1 Timothy 2:8

Perhaps I should be putting this on the dead man blog, and perhaps I will after I verify my citations. I will be quoting a pastor regarding a subject about which I have not heard him speak in a number of years and I have recently received rebuke for misquoting people. So there may be some revisions

This little part of my blog is about the application of this verse here:

I Timothy 2:8
I want men everywhere to lift up holy hands in prayer, without anger or disputing. (NIV)

Therefore I want the men in every place to pray, lifting up holy hands, without wrath and dissension. (NASB)

Although there are many ways in which to worship God, to worship God in a way other than the way which He has established as acceptable is not necessarily recommended.

To “worship” God in a way contrary to the way which He has established has been condemned and is still dangerous. E.g. Leviticus 10

In the application of the scriptural text which is above, these two ways of worship are mutually exclusive (although I suppose that worship of God that is an afront to God may not really be worship of Him at all, but only something else, i.e. an afront to God)

  1. Acceptable: Raising your hands in worship to Jesus while trusting God to restore all things and also bring His judgment with speed and finality
  2. Condemned: Raising your hands in “worship” to Jesus while dissatisfied because of His foreign and/or domestic policy (think about Jonah)

This was pointed out to me by Pastor Dale Swanson of Reaching Men Ministries and other such things who was once an interim pastor at Sky Valley Bible Church which I attended immediately prior to moving myself to Pullman Washington. I remember that on more than one occasion he indicated from the pulpit that during worship services some of us acted even more uptightly than a bunch of baptists [in a bar]. There were a number of people there who likely would have been members of the frozen chosen society had there been a local chapter. But in pointing out an application of the above passage, he asserted that the reason that so few people in that congregation raised their hands during worship services was that the majority of the people there were angry with other people and didn’t want God’s mercy for those other people.

When I heard this, I thought to myself, “that sounds about right.” Because of this warning (coupled with my anger towards some people) and the fact that I had grown up in that particular church, I never raised my hands during a worship service before December 6th of 2005.

I find the above scripture to be inconvenient because there is much aggravation to be had in the church and I have noticed that I have to do spiritual discipline if I am going to be able to get along with the people with whom I minister. So I have found that I can go to church and waste my time by not worshiping Jesus appropriately because of my anger, or I can trust God to take care of the things that I am angry about.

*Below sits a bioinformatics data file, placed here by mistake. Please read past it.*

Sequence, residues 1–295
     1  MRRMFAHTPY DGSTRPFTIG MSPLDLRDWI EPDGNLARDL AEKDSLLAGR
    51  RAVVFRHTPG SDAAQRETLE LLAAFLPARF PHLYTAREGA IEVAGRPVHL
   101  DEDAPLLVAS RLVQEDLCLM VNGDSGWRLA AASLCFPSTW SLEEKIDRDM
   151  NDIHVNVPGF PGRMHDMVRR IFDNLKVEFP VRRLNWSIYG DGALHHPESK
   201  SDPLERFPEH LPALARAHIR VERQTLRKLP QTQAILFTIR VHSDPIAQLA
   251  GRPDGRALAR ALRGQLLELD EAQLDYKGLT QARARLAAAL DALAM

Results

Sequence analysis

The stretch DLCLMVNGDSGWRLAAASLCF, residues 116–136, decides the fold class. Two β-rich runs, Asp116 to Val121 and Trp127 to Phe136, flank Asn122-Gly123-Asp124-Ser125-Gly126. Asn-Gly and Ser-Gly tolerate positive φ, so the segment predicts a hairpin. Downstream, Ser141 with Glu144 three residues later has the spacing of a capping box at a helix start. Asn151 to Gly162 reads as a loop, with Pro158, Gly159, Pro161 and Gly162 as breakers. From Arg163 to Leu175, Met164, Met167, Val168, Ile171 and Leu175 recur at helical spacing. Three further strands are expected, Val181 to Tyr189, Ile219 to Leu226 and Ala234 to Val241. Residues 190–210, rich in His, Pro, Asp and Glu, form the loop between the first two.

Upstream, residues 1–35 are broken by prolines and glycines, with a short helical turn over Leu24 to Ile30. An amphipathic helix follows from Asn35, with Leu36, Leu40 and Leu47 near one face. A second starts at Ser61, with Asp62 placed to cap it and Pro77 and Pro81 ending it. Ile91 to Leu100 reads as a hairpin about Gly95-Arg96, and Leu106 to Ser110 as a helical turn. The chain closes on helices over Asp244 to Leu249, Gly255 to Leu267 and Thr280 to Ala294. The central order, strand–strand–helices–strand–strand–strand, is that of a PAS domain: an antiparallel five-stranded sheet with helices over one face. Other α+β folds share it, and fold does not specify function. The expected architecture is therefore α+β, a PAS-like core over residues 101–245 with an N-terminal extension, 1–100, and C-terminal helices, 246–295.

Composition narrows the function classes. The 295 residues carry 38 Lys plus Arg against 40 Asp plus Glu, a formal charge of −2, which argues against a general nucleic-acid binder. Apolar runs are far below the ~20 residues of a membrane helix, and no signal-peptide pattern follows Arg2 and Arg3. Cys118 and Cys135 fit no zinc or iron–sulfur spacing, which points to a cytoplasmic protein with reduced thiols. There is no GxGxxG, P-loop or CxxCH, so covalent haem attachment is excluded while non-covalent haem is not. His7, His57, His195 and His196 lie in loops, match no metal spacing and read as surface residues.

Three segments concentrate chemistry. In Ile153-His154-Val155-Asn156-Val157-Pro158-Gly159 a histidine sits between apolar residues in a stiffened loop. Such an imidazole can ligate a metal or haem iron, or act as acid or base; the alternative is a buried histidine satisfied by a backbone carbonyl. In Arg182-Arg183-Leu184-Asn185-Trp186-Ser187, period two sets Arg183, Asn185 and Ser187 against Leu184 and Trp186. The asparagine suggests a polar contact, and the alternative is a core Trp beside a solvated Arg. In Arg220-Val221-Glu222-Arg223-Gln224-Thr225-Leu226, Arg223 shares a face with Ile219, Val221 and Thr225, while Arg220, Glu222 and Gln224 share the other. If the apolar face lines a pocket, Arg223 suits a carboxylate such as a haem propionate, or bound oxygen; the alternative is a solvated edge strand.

This can be difficult because I have a tendency to invent things to be angry about when there is nothing to make me angry. I forget that God is more interested in changing me to become more like Him than He is changing the whole rest of the world so that I will like it (–Danielle Deniet). On the other hand, this has nothing to do with failing to resist evil in its various forms.

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One Response to “1 Timothy 2:8”

  1. Dale Swanson Says:

    I just read the blog about the passage in I Timothy

    Raising hands in the worship service is an interesting idea for some of us. I was converted in a Preby Church and we sat very still. In the Bible Churches where I have worshipped there has been more latitude.

    In large assemblies of men during worship (15000 +) it is much easier to raise hands.

    It is apparently an expression of no anger and an openness to God. It is a declaration that my hand is not closed as a fist in rebellion to God or in anger and defiance toward my fellow man.

    When my heart is right with God it is easy for me to exalt His name in praise and to be more expressive.

    When I sit in worship with some stirring in my heart and a struggle to sort out a difficult issue, I find it difficult for me to raise my hands.

    External expression is not a sign of spirituality or necessarily of biblical depth, but how I live and express myself is an indicator of who I am.

    Proverbs makes it clear that what I see in man by actions is an indicator of who he is on the inside.

    And in contrast, when a character quality is identified it is expressed in actions or wordds.

    Solomon was brilliant and God allowed Him to guide us through the maze and trickery of men’s expressions to see what really is the truth of who men are.

    Prov 1/1-7 is the introductory guide to Wisdom – seeing life from God’s view as a wise master craftsman.

    Thanks Joshua for the blog
    Dale

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